Lieutenant Belgrave Ninnis & Dr Xavier MertzPrint Page Print this page


Photographs supplied by Arthur Garland

The monument commemorates Lieutenant Belgrave Ninnis and Dr Xavier Mertz who died during Mawson's Antarctic expedition of 1912 - 1913.

Mertz and Ninnis were chosen by Mawson to accompany him on the Far Eastern Party, using the dogs to push rapidly from the expedition's base in Adélie Land towards Victoria Land. After Ninnis and a sledge carrying most of the food disappeared down a crevasse 501 kilometres from the hut, Mertz and Mawson headed back west, gradually using the dogs to supplement their remaining food stocks.

About 160 kilometres from safety, Mertz died, leaving Mawson to carry on alone. The cause of Mertz's death has never been firmly established; the commonly purported theory is hypervitaminosis A (an excessive intake of vitamin A) from consuming the livers of the Huskies. Other theories suggest he may have died from a combination of malnutrition, a change in diet, cold exposure, and psychological stresses.


Address:Argyle & Davey Streets, Mawson Place, Hobart, 7000
GPS Coordinates:Lat: -42.882743
Long: 147.332452
Note: GPS Coordinates are approximate.
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Monument Type:Monument
Monument Theme:People


Front Inscription

Australasian Antarctic Expedition
1911 - 1914

Memorial to lives lost

This memorial commemorates the sacrifices of Lieutenant Belgrave Edward Ninnis and Dr Xavier Guillaume Mertz, the only two persons who did not return from Dr (later Sir) Douglas Mawson`s Australasian Antarctic Expedition.

The Australia-led expedition sailed from Hobart on December 2 1911.  Their objective was to explore a then unknown region of East Antarctica.

In 1912 Mawson, Ninnis and Mertz formed the party to explore as far east as possible from Cape Denison base.  Tragedy struck when Ninnis disappeared into a crevasse, taking with him a team of dogs and most of the party`s supplies.  Mertz and Mawson were left 500 kilometres from their base with meagre supplies.  

Desperate to get home they were forced to eat the remaining huskies to survive.  Mertz succumbed during the return, leaving Mawson to walk back alone.  Barely alive he arrived at Cape Denison just after the rescue ship had departed.

Six expedition members had volunteered to winter a second year to wait for the sledging party`s return.  During that second year, the team erected a memorial cross to record the loss of their friends.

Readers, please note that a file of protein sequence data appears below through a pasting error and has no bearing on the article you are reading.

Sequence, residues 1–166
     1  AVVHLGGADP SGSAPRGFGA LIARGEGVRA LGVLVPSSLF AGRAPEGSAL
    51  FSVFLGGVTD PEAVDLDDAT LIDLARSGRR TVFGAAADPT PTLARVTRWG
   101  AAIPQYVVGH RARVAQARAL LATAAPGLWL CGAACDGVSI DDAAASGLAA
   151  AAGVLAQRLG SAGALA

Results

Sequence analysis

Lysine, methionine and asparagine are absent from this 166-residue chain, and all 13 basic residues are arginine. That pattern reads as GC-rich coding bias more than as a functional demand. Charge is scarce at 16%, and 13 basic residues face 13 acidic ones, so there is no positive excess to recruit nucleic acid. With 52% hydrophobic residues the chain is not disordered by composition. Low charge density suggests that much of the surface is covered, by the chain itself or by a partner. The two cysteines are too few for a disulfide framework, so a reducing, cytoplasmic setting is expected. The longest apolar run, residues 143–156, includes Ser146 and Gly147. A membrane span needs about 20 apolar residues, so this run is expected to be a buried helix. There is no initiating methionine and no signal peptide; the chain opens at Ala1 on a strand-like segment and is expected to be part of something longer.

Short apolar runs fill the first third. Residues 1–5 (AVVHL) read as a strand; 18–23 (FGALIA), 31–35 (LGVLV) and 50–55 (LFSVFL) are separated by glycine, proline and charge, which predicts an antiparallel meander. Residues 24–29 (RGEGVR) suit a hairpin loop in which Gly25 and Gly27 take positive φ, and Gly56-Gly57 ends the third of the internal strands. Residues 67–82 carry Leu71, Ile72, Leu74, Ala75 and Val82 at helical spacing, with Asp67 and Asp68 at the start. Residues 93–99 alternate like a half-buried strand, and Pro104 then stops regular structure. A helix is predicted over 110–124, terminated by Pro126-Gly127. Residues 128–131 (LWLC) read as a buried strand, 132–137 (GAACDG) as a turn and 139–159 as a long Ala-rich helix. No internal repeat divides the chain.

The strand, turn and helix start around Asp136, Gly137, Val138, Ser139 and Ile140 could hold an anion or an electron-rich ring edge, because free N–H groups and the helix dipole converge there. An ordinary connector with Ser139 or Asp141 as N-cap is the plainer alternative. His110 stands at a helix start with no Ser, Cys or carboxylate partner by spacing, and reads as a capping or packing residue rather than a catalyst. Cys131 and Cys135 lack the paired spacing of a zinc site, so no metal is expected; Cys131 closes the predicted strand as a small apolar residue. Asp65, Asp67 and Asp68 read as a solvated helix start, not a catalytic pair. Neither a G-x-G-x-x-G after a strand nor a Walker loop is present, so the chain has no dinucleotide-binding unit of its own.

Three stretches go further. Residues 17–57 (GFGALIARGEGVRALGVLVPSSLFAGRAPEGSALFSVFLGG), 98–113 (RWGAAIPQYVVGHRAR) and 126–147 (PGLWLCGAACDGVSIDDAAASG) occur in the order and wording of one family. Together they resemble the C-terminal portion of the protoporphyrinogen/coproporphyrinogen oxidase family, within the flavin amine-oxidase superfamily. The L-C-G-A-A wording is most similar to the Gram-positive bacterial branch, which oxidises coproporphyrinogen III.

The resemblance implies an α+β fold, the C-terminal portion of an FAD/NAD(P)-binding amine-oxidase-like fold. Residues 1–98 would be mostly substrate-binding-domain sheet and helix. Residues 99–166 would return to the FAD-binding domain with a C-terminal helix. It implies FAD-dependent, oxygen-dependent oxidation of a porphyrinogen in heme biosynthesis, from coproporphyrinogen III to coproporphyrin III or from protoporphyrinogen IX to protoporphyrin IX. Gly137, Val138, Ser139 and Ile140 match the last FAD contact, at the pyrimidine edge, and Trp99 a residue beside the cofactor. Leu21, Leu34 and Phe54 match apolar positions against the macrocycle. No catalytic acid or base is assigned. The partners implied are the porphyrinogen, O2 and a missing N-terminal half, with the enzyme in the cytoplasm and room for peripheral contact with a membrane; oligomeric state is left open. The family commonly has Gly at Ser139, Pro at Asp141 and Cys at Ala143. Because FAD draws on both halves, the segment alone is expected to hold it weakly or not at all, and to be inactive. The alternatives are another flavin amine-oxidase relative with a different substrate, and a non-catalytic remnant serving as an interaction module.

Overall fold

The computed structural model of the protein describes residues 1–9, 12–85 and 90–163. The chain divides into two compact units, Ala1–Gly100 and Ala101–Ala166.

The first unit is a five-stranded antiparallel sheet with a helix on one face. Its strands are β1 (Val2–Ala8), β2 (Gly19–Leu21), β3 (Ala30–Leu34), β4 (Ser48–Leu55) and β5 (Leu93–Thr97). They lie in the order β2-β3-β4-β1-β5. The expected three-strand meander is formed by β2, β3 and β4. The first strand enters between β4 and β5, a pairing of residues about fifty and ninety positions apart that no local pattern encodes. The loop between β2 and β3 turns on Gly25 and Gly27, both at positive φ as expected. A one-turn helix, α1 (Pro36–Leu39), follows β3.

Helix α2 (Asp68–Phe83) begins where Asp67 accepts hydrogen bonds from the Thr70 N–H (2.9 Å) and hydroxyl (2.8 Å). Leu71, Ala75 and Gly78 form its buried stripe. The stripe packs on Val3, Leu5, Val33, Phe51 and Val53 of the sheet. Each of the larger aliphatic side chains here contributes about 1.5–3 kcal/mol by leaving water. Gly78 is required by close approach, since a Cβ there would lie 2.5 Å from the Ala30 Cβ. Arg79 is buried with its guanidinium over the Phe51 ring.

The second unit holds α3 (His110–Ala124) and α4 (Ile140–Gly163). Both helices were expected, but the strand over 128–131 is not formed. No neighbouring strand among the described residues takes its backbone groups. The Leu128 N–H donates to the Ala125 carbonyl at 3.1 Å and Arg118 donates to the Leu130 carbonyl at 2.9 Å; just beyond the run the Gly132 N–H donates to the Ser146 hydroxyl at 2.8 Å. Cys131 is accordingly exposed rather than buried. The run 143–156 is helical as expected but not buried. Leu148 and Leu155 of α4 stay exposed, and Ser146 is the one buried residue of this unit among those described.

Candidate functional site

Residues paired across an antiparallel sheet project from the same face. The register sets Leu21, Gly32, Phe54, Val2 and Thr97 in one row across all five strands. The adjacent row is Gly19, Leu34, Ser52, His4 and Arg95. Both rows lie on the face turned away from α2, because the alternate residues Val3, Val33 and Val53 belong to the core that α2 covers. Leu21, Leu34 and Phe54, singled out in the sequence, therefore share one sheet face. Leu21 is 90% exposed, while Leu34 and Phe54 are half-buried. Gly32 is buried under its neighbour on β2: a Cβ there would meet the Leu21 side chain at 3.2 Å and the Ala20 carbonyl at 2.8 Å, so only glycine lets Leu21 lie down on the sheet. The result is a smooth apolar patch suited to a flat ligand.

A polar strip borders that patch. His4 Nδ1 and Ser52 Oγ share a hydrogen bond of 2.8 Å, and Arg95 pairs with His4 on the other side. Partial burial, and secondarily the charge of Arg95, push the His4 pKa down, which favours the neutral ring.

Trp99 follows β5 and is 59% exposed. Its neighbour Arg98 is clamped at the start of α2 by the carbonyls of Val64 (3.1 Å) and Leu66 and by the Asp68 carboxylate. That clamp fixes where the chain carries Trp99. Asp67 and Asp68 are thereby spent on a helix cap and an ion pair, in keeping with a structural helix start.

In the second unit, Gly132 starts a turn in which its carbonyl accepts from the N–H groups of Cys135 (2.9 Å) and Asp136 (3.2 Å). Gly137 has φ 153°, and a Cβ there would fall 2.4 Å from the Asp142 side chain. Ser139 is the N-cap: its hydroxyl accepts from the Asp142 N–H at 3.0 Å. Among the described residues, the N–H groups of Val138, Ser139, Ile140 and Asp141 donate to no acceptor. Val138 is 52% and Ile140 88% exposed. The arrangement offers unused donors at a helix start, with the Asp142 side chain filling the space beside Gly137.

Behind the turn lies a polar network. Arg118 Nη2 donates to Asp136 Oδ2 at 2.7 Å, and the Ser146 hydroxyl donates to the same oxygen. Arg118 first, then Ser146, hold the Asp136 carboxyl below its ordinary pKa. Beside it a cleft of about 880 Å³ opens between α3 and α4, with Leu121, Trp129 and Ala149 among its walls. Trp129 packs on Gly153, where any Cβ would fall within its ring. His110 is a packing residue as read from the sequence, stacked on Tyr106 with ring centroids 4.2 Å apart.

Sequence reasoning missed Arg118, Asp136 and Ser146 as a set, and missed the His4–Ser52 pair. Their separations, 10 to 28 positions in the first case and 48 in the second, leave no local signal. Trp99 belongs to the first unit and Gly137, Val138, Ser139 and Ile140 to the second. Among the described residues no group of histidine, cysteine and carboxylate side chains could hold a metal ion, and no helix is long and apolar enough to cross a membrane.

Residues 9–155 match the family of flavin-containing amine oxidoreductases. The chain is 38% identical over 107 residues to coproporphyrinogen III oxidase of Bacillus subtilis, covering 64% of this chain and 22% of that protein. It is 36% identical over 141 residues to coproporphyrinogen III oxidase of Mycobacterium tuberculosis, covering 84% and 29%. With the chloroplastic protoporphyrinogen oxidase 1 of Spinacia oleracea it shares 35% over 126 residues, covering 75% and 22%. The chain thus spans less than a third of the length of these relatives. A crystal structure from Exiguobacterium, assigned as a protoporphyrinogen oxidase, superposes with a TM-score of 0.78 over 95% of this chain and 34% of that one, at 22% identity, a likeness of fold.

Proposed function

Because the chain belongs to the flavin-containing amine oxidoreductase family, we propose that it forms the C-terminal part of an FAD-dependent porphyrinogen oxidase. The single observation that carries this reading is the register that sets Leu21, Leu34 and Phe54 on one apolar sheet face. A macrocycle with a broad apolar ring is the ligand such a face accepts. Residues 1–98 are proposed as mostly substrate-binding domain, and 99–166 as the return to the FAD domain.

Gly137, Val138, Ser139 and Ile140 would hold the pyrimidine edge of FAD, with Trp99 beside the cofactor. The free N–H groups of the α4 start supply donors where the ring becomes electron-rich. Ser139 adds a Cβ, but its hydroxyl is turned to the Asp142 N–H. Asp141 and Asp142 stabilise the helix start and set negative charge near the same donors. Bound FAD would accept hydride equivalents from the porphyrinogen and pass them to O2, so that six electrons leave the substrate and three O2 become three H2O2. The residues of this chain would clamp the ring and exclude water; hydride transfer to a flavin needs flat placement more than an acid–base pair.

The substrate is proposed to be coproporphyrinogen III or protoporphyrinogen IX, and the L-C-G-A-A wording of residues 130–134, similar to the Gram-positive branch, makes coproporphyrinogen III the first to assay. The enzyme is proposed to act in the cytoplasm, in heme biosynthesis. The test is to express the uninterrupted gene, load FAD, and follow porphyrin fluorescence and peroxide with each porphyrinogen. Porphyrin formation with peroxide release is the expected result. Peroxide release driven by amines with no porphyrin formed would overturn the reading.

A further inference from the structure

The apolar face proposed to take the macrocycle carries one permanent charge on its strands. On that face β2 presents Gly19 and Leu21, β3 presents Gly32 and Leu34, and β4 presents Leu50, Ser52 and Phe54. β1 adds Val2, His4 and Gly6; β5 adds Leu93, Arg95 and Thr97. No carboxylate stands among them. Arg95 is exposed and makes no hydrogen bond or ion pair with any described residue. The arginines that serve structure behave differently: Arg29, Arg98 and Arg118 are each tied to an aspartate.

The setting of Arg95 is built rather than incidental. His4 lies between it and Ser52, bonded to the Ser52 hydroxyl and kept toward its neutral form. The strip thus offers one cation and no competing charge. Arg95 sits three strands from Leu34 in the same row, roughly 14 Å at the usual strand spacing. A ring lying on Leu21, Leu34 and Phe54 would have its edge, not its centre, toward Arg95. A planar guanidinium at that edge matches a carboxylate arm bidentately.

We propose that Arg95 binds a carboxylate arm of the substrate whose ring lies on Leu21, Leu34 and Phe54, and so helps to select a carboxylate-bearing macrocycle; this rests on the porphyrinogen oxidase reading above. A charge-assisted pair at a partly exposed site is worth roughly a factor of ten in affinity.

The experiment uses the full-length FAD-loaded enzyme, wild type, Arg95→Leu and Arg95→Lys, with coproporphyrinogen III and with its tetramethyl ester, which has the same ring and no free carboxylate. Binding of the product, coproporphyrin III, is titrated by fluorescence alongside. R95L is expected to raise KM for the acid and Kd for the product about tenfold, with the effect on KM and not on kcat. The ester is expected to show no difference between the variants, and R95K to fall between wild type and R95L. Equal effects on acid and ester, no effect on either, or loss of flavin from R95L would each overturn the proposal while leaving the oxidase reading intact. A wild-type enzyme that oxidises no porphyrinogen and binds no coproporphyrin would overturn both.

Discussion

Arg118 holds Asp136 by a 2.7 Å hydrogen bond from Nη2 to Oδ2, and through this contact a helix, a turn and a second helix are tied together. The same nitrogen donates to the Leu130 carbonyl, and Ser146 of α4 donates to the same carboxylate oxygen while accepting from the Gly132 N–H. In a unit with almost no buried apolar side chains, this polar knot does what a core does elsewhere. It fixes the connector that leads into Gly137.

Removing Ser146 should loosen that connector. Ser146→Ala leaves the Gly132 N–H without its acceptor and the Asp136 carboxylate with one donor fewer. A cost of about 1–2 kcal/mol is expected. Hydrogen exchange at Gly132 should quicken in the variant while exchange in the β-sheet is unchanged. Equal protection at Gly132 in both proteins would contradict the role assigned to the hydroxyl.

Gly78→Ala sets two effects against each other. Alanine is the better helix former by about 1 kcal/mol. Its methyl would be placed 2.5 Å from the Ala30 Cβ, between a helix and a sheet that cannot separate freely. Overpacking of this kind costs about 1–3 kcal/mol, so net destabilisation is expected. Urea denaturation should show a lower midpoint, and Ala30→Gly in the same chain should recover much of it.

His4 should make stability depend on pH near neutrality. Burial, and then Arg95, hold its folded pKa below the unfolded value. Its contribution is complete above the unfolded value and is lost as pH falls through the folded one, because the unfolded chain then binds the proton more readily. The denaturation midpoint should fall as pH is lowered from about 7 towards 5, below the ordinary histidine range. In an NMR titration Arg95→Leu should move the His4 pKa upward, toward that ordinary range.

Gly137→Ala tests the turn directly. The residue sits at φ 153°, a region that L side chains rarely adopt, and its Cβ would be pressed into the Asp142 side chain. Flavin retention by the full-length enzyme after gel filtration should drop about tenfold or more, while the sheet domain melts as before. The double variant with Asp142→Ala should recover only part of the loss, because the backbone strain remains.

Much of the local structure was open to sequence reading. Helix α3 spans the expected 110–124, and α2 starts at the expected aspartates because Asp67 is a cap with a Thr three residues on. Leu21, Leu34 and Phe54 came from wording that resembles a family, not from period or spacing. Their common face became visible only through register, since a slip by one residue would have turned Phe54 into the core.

Still standing at Cape Dension today, it reads : 

Erected to commemorate the supreme sacrifice made by Lieut B E S Ninnis, RF and Dr X Mertz in the cause of science

AAE 1913

Outside Antarctica, these plaques form the only memorial to honour their lives and commemorate their deaths.  The dolerite rock from a quarry near Hobart on which the plaques are mounted is identical to that found on Antarctica, the continent to which Tasmania was connected before the breakup of Gondwana 63 million years ago.

This memorial also commemorate the legacy of Antarctic scientific research.  It was organised and funded by the Mawson`s Huts Foundation in partnership with the governments of Switzerland and the United Kingdom, the Royal Regiment of Fusiliers and supported by the Hobart City Council.



Left Side Inscription

Lieutenant Belgrave Edward Ninnis

22 January 1887 - 14 December 1912

Belgrave Ninnis died in East Antarctica after falling into a deep crevasse taking with him a team of huskies and most of the sledging party`s supplies.

Born in Streatham, Surrey, Ninnis was a British Army officer on the Royal Fusiliers when he volunteered to join the 1911 - 14 Australasian expedition.  Nicknamed "Cherub" or "Ninn" he was in charge of the huskies with his friemd Xavier Mertz.

"When comrades tramp the road to anywhere through a blizzard-ridden land in hunger, want and weariness, the interests, ties and fates of each other are interwoven in a wondrous fabric of friendship and affection.  The shock of Ninnis`s death struck home and deeply stirred us.  He was a fine fellow and a born soldier,  At 9pm we stood by the side of the crevasse and I read the burial service.  Then Mertz shook me by the hand with a short "thank you" and we turned away to harness up the dogs" - "The Home of the Blizzard"  Sir Douglas Mawson`s expedition account.


Right Side Inscription

Doctor Xavier Guillaume Mertz

6 October 1882 - 8 January 1913

Xavier Mertz died in  atent on the Antarctic Plateau from the effects of starvation and exhaustion during the 1911 - 14 Australasian Antarctic expedition.

Born in Basel, Switzerland, Mertz was a national ski-running champion, Doctor of Laws from the University of Berne and Doctor of Geology from the University of Lausanne.  Mertz, charged with looking after the huskies with his friend Belgrave Ninnis and nicknamed "X" by his colleagues, was buried of the slopes of a glacier named after him of Antarctica`s George V coast, his grave marked with a pair of skis

"It was unutteringly sad that he should have perished thus, after the splendid work he had accomplished not only on that particular sledging journey but throughout the expedition.  No one could have done better.  Favoured with a generous and lovable character, he had been a general favourite amongst all members of the expedition."  - "The Home of the Blizzard"  Sir Douglas Mawson`s expedition account.


Source: MA
Monument details supplied by Monument Australia - www.monumentaustralia.org.au
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